Re: Package management and security
Title: Re: Package management and security
The security team looks at the diffs for the patch to version 2 of the software, identifies the parts that fix the bug in version 1 and manually back port the bug fix to version 1. We end up with a Debian specific version that doesn’t introduce new dependencies or features. This works with great success (through a huge amount of effort) the majority of the time. Some packages are more difficult to do this with then others (i.e. Firefox – you can search the archives of this list for specific details about why).
On 6/8/07 3:56 AM, "Frédéric PICA" <firstname.lastname@example.org> wrote:
Ok, so apt-get update/upgrade -y in a cron job will work but what about my first question ?
Lets say debian stable has foo-1.0 package.
I does apt-get upgrade -y in my cron job and one day I have foo-1.0 updated to foo-1.0.1 for bugfix reason.
Meanwhile the author of foo release version 2, debian stable will not upgrade the package because the version 2 add more features, have new dependencies, ...
And now, the author release version 2.1 , a critical security fix, there is a flaw found from version 1 to 2.
The debian security team does it's work and first try to backport the security fix but that time it's not possible so they have no other choice to package version 2.1 in the security channel.
As version 2.1 has new dependencies requirements wich are not installed, apt-get upgrade will not update that package, right ?
Even if in 99% of the time, this will work great, I can't let this 1%.
I could let this 1% risk only if I have a way to be warned, the server sending me automatically a mail for example, but I think there is no way to do that because there is no way to interface ourself with apt (no plugin system at that time)
I am right ?
2007/6/7, Riku Valli <email@example.com>:
Frédéric PICA wrote:
> Thanks for your answer,
> So I need to do an apt-get dist-upgrade in my cron job to be sure to
> always have the latest security fixes ?
> What's the risk to have a needed package uninstalled by that way ?
> My goal is to have the latest security fixes for a server, but I have
> to be sure that dist-upgrade will not broke my server by removing
> needed pacakges, for example mod_php for apache or things like that.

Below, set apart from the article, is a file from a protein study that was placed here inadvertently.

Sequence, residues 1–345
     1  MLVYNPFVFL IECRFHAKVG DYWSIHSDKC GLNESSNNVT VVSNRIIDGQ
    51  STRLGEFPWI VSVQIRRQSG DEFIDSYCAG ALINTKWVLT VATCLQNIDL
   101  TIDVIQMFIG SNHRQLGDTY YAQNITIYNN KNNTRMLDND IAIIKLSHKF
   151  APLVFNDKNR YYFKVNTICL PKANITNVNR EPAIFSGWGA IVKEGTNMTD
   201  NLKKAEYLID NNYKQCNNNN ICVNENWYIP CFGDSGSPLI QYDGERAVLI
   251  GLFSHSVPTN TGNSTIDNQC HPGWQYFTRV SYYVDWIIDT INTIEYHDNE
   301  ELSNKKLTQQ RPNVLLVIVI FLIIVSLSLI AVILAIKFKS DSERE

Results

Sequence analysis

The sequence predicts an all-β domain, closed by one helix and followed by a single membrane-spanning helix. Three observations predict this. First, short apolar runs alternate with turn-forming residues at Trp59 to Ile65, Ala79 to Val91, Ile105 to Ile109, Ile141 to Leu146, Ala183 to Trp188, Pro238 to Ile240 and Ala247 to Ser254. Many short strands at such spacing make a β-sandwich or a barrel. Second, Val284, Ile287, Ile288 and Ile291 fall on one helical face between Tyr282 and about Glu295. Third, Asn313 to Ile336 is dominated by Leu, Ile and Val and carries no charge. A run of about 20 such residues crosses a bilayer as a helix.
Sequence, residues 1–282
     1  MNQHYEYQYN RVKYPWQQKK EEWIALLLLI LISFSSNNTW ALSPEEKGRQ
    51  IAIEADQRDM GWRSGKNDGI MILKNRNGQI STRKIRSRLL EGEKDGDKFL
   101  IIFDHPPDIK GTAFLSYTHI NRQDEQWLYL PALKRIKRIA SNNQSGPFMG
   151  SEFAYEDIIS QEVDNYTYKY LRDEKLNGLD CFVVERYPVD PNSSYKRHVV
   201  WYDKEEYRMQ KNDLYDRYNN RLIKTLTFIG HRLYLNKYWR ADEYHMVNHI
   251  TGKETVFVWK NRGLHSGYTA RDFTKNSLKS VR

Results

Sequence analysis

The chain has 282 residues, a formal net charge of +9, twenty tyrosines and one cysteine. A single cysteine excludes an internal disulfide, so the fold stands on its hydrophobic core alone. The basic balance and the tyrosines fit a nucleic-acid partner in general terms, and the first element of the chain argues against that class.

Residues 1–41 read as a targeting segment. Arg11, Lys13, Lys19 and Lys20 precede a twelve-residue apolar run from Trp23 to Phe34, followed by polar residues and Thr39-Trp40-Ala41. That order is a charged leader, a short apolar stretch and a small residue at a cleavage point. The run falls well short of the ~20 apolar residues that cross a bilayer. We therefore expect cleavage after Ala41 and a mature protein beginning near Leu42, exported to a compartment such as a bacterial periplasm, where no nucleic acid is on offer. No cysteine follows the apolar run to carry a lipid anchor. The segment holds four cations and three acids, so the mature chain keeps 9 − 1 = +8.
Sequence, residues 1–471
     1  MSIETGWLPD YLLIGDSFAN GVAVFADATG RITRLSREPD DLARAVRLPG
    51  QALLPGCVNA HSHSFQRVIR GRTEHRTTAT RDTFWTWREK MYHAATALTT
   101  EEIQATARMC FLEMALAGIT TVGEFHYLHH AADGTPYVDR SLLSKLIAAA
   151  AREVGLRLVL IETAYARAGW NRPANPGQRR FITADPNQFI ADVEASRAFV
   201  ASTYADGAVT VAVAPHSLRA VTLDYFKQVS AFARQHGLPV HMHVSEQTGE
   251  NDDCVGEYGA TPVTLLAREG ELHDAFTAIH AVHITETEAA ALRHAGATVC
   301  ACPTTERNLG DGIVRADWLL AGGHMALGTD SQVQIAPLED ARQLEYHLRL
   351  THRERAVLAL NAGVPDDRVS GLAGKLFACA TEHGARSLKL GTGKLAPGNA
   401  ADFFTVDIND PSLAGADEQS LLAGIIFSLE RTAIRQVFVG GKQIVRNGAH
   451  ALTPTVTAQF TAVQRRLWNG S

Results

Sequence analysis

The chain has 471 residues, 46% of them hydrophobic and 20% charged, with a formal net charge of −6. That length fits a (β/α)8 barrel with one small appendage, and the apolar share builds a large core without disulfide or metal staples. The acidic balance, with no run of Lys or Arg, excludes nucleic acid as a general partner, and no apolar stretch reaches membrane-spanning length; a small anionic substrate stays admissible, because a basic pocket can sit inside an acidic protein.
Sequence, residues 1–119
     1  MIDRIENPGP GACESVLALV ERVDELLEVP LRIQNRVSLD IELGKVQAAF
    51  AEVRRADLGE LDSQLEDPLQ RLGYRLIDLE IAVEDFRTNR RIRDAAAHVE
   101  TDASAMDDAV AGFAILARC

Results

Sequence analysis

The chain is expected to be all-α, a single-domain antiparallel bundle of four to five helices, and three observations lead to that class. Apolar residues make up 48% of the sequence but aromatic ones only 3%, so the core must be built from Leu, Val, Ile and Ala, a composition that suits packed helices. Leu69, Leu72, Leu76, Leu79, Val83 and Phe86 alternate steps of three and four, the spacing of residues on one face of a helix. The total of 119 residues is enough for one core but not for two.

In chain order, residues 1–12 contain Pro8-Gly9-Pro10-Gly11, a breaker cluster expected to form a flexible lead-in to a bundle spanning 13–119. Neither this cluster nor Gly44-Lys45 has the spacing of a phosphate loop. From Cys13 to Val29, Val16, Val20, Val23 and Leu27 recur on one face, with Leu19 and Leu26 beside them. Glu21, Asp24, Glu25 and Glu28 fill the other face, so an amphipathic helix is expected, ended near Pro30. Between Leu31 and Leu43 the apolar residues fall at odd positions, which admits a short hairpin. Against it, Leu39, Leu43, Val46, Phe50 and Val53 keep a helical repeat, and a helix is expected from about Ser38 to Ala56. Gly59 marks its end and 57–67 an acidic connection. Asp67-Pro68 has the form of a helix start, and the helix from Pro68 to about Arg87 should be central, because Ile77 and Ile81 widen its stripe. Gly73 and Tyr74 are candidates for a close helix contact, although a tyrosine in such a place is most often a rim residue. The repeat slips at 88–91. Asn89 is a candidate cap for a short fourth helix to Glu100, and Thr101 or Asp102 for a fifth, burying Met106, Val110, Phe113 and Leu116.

> 2007/6/7, Riku Valli <firstname.lastname@example.org
> Frédéric PICA wrote:
> > Greets,
> > I saw in 'man apt-get' that using apt-get upgrade does not
> install new
> > packages or remove an already installed package.
> > Is it possible that I did'nt get the latest security fixes using
> > apt-get upgade in a cron job ?
> > I think particularly about security fixes that can't be retro-ported
> > to the debian stable version and needs to upgrade the package to the
> > latest author available version, what's going on if the package
> > dependencies changes ? Does the security patched will be installed
> > with it's new dependencies anyway or does the package will not be
> > upgraded ?
> > Thanks for your help,
> > FP
> apt-get upgrade only upgrade your packages for newer version. When
> package is upgraded this way at it need new extra packages, then
> can't upgrade your package. You must install it.
> -- Riku
In normal case when you used Debian stable. You made only update/upgrade
and possible need switch -y (assume yes for every question). At stable
debencies normally never changes. This dist-upgrade is (at stable) only
used when you updated Debian releases from older to newer.
Older stable there was only one kernel upgrade which needed manually
Maybe this is better explained man aptitude, see below.
Upgrades installed packages to their most recent version.
packages will not be removed unless they are unused (see the
section "Managing Automatically Installed Packages" in the
reference manual); packages which are not currently installed
not be installed.
If a package cannot be upgraded without violating these
constraints, it will be kept at its current version. Use the
dist-upgrade command to upgrade these packages as well.
Upgrades installed packages to their most recent version,
or installing packages as necessary. This command is less
conservative than upgrade and thus more likely to perform
unwanted actions. Users are advised to either use upgrade
instead or to carefully inspect the list of packages to be
installed and removed.